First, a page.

In a consent order signed by both sides Wednesday afternoon, Hill agrees to treat the employees, who a judge later ordered him to rehire, as civil service employees until the question of their protection is answered by a judge, Clayton County Attorney Don Comer said.
However, the agreement does not stipulate the rank and position at which the returning workers will be placed, Comer said.
And there is at least one other disagreement that remains.
Sheriff Hill said he considers the 27 employees AWOL for not returning to work Wednesday.
``They are violating the very civil service policy they think they are under,'' Hill said.
Hill fired the employees, mostly deputies and officers, on Jan. 3 — his first day in office. A judge later ordered Hill to reinstate the workers until the issue is sorted out by the courts. But instead of allowing them to return to work, Hill placed them on administrative leave with pay.
Then on Tuesday, Hill said he was concerned about the welfare of the workers' families and would allow them to return to work.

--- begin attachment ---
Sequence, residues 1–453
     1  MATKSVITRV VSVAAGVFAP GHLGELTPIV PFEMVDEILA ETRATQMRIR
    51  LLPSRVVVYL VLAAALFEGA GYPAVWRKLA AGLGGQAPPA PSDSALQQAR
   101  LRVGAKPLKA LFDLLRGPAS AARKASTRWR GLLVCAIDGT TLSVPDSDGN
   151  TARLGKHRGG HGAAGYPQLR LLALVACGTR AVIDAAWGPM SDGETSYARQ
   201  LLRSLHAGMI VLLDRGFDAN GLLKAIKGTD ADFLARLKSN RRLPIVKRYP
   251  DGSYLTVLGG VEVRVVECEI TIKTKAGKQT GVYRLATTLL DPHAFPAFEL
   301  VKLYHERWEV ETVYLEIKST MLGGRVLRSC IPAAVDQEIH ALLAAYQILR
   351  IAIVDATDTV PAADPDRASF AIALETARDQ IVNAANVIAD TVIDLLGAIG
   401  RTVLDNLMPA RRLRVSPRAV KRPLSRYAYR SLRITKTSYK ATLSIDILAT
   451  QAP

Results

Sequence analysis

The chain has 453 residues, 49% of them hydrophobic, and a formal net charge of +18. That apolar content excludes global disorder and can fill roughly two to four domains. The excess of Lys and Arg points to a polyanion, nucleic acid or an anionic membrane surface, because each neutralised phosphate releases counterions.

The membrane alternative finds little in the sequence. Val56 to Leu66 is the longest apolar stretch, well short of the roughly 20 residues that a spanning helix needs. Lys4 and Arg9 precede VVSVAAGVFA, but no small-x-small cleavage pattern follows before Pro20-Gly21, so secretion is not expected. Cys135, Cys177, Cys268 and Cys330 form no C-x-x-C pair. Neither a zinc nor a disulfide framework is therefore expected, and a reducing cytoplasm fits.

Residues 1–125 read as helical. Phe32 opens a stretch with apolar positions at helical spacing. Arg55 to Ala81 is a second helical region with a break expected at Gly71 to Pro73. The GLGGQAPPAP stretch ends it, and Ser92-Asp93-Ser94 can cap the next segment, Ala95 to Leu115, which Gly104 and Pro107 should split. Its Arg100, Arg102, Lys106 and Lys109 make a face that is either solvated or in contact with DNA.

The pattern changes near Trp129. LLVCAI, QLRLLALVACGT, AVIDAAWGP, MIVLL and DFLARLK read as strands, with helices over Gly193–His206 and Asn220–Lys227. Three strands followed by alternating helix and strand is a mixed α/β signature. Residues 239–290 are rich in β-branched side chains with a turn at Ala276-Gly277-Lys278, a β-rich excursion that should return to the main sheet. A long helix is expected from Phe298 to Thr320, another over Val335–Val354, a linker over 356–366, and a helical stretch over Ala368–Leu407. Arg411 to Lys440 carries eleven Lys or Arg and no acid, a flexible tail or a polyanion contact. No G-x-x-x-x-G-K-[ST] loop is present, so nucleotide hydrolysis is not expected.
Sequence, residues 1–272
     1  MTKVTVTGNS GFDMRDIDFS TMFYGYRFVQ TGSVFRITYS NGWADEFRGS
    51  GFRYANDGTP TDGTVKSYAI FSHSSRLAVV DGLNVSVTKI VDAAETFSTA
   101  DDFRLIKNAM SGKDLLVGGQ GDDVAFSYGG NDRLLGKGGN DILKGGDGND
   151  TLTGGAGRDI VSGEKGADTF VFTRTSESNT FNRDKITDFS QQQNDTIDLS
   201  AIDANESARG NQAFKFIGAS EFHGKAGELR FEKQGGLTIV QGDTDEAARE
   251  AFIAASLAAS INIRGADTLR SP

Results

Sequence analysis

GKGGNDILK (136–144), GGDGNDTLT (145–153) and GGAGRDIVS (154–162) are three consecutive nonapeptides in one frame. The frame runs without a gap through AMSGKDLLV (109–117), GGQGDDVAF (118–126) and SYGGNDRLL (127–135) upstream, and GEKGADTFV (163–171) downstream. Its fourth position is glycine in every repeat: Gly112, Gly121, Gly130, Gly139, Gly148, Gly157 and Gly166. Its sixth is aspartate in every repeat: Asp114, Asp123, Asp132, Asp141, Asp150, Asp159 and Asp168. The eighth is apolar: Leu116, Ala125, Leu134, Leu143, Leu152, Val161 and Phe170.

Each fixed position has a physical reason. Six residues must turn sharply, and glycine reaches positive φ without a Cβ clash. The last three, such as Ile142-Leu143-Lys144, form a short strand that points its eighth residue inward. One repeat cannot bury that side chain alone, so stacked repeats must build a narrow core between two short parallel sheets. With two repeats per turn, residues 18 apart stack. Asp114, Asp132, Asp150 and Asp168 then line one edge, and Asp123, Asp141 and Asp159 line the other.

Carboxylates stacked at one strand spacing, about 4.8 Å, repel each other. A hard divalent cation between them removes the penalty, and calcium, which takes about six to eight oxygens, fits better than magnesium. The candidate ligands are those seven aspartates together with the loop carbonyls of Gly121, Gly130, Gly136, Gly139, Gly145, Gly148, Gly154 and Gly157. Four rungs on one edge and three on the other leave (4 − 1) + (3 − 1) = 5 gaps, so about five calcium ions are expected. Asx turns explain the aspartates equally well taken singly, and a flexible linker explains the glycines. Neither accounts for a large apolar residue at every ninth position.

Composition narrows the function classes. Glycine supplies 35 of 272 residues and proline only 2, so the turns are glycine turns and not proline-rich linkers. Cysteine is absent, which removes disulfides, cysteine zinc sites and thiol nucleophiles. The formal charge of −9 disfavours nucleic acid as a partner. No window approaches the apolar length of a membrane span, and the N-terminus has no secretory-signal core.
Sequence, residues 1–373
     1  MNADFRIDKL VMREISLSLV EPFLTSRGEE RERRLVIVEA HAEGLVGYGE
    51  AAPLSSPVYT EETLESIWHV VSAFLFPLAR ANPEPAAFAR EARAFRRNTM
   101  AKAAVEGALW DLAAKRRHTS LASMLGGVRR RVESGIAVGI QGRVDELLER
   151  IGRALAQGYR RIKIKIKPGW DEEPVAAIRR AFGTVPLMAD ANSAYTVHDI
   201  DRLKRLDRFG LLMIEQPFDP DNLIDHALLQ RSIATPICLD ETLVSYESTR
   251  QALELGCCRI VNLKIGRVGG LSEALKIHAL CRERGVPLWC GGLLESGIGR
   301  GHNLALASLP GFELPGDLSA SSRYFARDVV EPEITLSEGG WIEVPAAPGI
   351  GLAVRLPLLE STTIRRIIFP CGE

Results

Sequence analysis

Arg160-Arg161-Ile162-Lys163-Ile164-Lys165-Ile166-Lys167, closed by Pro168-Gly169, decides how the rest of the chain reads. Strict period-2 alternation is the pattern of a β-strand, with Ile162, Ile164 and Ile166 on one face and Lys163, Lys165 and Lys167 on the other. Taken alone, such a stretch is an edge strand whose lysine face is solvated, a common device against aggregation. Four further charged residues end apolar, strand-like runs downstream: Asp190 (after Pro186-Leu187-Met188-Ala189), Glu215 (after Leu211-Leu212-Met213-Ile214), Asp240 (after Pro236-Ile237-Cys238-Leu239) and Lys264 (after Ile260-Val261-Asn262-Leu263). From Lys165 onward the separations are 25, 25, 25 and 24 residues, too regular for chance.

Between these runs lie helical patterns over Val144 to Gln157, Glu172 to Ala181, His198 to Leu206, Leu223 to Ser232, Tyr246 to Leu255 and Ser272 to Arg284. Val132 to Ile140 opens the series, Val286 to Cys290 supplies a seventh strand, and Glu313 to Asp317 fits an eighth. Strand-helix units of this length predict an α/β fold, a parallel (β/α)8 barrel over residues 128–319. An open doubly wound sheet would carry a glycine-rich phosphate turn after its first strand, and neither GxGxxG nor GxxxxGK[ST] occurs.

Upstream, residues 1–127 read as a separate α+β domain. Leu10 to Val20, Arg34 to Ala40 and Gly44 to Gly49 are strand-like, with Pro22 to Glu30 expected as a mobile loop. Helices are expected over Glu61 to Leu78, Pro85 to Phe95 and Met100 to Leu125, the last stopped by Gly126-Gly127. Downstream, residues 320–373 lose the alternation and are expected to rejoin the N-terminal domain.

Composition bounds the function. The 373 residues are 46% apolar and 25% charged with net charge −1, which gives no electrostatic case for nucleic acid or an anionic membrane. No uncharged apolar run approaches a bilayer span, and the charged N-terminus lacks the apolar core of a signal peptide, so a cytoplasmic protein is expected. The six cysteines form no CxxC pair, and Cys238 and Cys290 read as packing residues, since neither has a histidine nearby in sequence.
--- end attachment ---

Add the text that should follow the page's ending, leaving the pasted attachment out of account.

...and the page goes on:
But Harlan Miller, the attorney representing the 27 workers, said the employees were not properly notified that they were due back at work.
``A deputy called my house (Tuesday) night at 7 to tell me my clients were to come back to work,'' Miller said.
``They deliberately belated telling me until after the end of the business day. There was no way for me to contact all those people that late in the evening.''
On Wednesday, Miller met with attorneys for the sheriff to ask them what he should tell the workers.
``They refused to say,'' Miller said. ``For some reason, they don't want to tell them that. I don't know what to do since (the workers) haven't been told where to go, when to go or what they'll be doing.''
Evan Kaine, Hill's attorney, said the workers were notified individually Tuesday night and would be treated like any other deputy who did not show up for work.
The Clayton County Commission says the workers were illegally fired.
But Hill had said the employees were not part of Clayton County's civil service merit system and can be fired at the sheriff's discretion.
In the meantime, Miller has filed a federal lawsuit on behalf of the 27 employees claiming the firings were racially and politically motivated. Hill has denied that and says the firings were part of a reorganization